Fancy Vacations are Impossible for Many

Now of course, most Americans don’t have the luxury of this choice. They don’t have $1,000 of vacation money just hanging around every year. The bottom third of the country doesn’t even have $1,000 in discretionary income each year. There is literally no way for them to afford this extravagance and they should not be made to feel like they are bad parents because of that. People in the 50th percentile of income have about $10,000 of discretionary income per year. It is financially possible for them to take such vacations, but this will likely put them into the 33% of lower to middle income people who feel they will never be able to retire. Again, it feels wrong to opine to these people that spending this money will make them better parents.

The reality is that you can be a great parent without spending a ton of money on your kids. They have some good suggestions in this article, stuff like weekly trips to the zoo, but without some planning even stuff like that can end up being a huge cost.

How to Go Someplace Fun for Cheap

  1. Find someplace fun
  2. Bike there instead of driving
  3. Bring your own food and drink
  4. Really immerse yourself there

Of course someplace fun doesn’t have to be someplace that costs money. There are plenty of parks in the U.S. that can be quite fun that cost nothing. My young son can stare in wonder at leaves and grass in our local park for hours. Add a basketball or some other sporting equipment and older kids can get exercise and entertainment there too. How about your local library; have you given that a try lately?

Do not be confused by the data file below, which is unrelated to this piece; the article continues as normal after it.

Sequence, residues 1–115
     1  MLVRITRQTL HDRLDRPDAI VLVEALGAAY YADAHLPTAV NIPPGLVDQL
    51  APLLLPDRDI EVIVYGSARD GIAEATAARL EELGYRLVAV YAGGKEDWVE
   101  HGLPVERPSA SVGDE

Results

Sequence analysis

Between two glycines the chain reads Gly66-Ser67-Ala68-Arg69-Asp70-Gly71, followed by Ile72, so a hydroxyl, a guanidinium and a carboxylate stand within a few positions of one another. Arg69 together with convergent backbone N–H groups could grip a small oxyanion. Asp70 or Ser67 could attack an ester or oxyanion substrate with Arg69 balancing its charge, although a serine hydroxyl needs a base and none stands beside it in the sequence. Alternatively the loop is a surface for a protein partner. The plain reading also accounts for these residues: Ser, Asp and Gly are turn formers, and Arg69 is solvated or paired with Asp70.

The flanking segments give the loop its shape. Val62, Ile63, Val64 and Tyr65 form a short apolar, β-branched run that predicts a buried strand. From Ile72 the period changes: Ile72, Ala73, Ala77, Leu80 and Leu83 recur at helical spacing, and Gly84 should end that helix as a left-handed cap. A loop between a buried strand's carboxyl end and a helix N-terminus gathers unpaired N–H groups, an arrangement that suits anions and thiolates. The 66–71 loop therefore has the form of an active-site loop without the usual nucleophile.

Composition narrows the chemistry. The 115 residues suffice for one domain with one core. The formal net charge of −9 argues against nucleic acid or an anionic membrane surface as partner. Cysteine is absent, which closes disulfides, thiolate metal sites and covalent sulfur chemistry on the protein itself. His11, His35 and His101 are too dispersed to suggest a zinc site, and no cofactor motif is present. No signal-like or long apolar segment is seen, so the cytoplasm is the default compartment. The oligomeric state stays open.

Most Americans have so many free fun things surrounding them that they just end up forgetting about them. Don’t fall into this trap. Keep your eyes open to the amazing free opportunities around you instead of the expensive ones that are far away. Staying local also helps you save even more. In the article, they mention that they have an annual pass for the zoo, and considering the amount of times they go it’s probably a pretty good deal. However, there’s no discussion of biking there, and I assume that, like most Americans, they drive.